of the Italian
By B.A. Nilsson
Café, 1186 Western Ave., Albany, 437-1701. Serving
lunch Mon-Fri 11:30-2:30, dinner Mon-Thu 4:30-9:30, Fri-Sat
4:30-10, Sun 4-8. A, CB, D, DC, MC, V.
Cuisine: Neapolitan Italian
Entrée price range: $9 (pasta with marinara) to $24
(Cappellini primo with lobster)
Clientele: neighbors and legislators
Ambiance: like family
Five years ago, Maggie Smith moved her café from the cramped
Fuller Road quarters (where it opened in 1995) to the site
of the former Son’s Tavern on Western Avenue. Now there’s
room both for banquets and regular dinner service as well
as a large, comfortable bar.
Restaurant comfort is elusive, and there may be no better
indication of just how accommodating a place feels than by
visiting in winter. Especially when it’s cold outside. A recent
visit to Maggie’s took me through a slushy parking lot where
the piercing wind was creating an ice crust; inside, although
the dining room is large and high-ceilinged, it took little
time to relax and feel warm.
And the food, beginning with the basket of crisp-crusted bread
that hits your table, will make a believer of you. “Maggie
buys nothing but the best,” says chef Sam Vardaro, who has
been part of the restaurant since it first opened. “She’s
very strict, and would rather throw it [poor-quality fare]
in the garbage then send it out to customers.”
Vardaro worked at Casa Primo before joining Maggie’s operation,
but he credits his introduction to cooking to his mother.
“I liked to watch what she did when I was growing up, and
most of the recipes I use here come from her. Everything is
fresh. We make the sauces every morning, and people notice
it. I’d come eat here myself!”
A baker’s dozen appetizers range from a $2 basket of garlic
bread—the real thing, too—to a $10 plate of clams. Seafood
appetizers otherwise are $9, with calamari or shrimp or mussels
available. Three soups are on the list, with pasta é fagioli
($6) or tortellini ($4) soup listed as such, and the $7 escarole
and beans presented with enough of a tasty broth to qualify
as well. What’s vital to the last-named is garlic, and it
has a more-than-suitable presence.
We qualified for salads with our entrée orders, so Jaime,
our server, offered a family-style bowl of it. It’s a simple
mixture, uncomplicated by lots of add-ins, so I ordered an
appetizer of roasted red peppers and anchovies ($7) as a complement,
and enjoyed a bold, fresh flavor as a reward.
Pizza and calzones are recent menu additions, so we sampled
a calzone ($11, and an extra 75 cents for the pepperoni stuffing).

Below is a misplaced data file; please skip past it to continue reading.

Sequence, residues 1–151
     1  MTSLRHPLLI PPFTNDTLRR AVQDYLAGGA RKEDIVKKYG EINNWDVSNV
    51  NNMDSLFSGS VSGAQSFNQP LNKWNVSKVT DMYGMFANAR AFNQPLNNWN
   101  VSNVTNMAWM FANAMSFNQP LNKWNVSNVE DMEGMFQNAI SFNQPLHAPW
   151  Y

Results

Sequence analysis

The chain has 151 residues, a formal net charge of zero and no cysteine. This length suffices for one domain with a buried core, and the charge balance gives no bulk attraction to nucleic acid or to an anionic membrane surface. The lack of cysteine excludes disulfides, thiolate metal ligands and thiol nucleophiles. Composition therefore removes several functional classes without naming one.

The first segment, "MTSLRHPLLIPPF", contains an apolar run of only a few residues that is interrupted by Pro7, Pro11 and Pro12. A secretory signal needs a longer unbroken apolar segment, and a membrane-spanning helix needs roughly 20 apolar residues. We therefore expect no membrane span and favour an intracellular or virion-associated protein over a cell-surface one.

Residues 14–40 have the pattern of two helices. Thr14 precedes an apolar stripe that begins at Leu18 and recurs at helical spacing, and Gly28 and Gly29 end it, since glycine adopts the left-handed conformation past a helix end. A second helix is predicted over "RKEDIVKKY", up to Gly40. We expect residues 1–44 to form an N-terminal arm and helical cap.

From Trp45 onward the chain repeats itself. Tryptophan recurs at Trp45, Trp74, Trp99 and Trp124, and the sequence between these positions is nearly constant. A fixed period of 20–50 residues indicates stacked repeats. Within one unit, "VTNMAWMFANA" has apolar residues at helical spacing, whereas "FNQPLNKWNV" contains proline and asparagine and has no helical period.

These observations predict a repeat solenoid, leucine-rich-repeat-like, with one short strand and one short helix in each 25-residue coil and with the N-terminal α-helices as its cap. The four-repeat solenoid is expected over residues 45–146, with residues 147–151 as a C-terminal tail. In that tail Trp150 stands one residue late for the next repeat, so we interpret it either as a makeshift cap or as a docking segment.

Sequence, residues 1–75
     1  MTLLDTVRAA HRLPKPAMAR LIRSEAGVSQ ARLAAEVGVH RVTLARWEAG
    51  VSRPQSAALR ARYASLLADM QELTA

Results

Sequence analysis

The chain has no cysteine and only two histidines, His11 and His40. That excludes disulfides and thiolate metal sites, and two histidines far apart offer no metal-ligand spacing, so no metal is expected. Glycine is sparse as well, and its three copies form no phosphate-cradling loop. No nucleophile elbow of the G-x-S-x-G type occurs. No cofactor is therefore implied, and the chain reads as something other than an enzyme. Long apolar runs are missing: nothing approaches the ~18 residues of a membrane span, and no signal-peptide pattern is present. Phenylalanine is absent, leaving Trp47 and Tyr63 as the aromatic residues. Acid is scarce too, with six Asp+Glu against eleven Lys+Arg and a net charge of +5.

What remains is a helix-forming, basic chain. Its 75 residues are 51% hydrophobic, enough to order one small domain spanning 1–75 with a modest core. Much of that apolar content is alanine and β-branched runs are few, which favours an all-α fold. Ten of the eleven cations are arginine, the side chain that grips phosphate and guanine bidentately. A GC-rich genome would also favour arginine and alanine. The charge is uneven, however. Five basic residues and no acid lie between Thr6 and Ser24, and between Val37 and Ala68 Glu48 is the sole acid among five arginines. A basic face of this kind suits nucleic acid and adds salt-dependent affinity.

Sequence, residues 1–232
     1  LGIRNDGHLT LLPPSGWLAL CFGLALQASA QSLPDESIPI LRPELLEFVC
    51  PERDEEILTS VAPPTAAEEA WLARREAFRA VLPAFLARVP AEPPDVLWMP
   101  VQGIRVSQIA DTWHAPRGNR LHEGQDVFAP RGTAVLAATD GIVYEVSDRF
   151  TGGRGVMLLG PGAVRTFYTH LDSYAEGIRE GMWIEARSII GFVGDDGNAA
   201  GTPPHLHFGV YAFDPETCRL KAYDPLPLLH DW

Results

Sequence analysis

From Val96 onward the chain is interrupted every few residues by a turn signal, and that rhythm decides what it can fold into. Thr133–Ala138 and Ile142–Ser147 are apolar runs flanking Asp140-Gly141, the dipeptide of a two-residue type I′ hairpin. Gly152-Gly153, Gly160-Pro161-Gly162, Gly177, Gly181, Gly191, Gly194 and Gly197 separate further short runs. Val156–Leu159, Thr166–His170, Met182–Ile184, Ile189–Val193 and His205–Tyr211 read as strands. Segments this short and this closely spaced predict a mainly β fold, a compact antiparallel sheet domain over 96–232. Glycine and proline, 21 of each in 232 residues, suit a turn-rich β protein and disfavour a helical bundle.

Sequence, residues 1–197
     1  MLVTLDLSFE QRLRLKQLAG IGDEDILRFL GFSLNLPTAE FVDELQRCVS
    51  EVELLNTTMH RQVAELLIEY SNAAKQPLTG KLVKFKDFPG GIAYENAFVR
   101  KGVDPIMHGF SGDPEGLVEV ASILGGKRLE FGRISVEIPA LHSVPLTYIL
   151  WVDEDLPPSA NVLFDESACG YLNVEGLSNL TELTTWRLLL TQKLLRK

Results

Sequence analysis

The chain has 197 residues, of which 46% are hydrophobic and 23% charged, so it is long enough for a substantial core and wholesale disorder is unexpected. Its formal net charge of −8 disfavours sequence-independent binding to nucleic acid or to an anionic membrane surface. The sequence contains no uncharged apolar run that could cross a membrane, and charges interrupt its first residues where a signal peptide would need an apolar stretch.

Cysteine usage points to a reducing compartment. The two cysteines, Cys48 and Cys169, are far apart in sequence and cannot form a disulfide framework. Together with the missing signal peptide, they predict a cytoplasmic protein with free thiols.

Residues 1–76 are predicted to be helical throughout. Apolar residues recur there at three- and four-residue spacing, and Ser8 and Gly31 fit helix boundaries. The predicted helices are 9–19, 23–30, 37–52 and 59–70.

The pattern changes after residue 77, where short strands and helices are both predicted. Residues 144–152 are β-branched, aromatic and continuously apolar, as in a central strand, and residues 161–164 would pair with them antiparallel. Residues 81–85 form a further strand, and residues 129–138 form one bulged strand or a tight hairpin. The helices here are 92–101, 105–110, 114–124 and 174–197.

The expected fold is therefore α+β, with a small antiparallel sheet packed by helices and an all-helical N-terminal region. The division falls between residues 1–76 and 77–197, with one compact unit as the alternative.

The menu promises that it will serve two to three people,
and this is an understatement. It’s huge and gooey and comes
with a excellent side of marinara.
Both the pizza ($9) and calzones are offered with the usual
toppings, all of them fresh. A pizza with the works is $13.
The dozen pasta-based entrées present a variety of macaroni
stylings, and lots of butter and cheese. A simple pasta with
meatballs or sausage is $11; fettuccine Alfredo is $15, but
you can the even richer carbonera preparation (add prosciutto)
Fettuccine fantasy ($17) is a concoction of good-sized chicken
breast chunks and prosciutto bits in an onion-rich cream sauce
with mushrooms, served over a vast bowl of pasta that’s perfectly
Turn the menu page: a dozen chicken dishes, a dozen preparations
of beef or veal. Parmigiana for chicken or veal ($14 or $18),
sautéed with mushrooms as Marsala ($15 or $19), or in a variety
of traditional and innovative styles. Listed as the house
signature dish is cappellini primo ($24), in which lobster
meat, shrimp and spinach are served over pasta with a sauce
of white wine, butter and cheese.
Lobster also figures in the ravioli Americana ($22), one of
eight seafood items. Homemade (in Brooklyn) ravioli is presented
with lobster meat and roasted red peppers, but the sauce is
cream on top of cream with a complement of butter. I don’t
know when I’ve had a richer pasta creation—and portion size
is such that the leftovers were good for two more meals.
Desserts are purchased from outside suppliers, but a tartuffo
we sampled brought a nice, sweet end to a meal.
If you feel lucky when you discover Maggie’s Café and enjoy
a meal there, consider Maggie Smith’s own luck. She was able
to first open a restaurant thanks to a Saratoga racetrack
combo she hit, and she’s never looked back. There’s a strong
family feel about the enterprise, helped by the many members
of Smith’s family who work there. Her daughter, Jaime, was
our attentive server.
Although pricing is higher than the corresponding chain restaurants—I
suspect the strong legislative clientele tempts those prices
upward—the food is so much better (and portions so generous)
that you’ll more than get your money’s worth.
here for a list of recently reviewed restaurants.